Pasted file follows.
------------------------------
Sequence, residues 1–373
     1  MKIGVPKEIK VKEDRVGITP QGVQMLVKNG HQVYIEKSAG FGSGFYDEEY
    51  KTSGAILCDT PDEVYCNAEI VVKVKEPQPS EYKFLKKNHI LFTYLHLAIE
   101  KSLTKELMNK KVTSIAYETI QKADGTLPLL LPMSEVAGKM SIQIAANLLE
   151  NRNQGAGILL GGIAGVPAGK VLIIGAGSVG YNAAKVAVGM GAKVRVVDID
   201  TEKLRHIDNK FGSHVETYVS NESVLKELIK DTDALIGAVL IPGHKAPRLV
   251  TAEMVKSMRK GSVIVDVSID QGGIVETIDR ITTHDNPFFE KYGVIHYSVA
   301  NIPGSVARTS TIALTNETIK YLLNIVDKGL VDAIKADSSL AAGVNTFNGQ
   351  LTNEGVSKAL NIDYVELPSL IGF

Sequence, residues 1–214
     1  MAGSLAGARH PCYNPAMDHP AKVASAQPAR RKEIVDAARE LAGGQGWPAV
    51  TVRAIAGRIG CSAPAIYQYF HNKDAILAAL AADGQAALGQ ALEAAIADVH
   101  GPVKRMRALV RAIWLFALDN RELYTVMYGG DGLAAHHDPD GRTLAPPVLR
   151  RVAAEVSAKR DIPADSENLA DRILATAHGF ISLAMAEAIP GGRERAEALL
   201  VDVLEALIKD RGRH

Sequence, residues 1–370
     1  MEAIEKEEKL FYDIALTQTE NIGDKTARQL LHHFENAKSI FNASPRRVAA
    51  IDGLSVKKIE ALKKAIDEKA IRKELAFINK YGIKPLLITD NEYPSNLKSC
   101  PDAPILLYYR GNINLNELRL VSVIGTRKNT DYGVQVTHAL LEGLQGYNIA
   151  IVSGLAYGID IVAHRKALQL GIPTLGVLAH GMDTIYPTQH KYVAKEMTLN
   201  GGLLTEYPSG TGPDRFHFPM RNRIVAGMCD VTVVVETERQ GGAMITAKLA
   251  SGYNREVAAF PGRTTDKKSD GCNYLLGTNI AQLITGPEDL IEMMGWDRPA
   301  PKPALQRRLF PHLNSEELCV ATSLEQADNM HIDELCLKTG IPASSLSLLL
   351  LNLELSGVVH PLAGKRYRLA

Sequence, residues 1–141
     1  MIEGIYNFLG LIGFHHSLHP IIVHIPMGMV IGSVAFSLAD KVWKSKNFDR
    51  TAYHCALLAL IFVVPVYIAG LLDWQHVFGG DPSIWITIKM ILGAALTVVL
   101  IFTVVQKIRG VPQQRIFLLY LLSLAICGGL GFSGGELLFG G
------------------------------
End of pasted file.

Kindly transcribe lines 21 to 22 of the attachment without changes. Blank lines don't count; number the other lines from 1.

   201  GGLLTEYPSG TGPDRFHFPM RNRIVAGMCD VTVVVETERQ GGAMITAKLA
   251  SGYNREVAAF PGRTTDKKSD GCNYLLGTNI AQLITGPEDL IEMMGWDRPA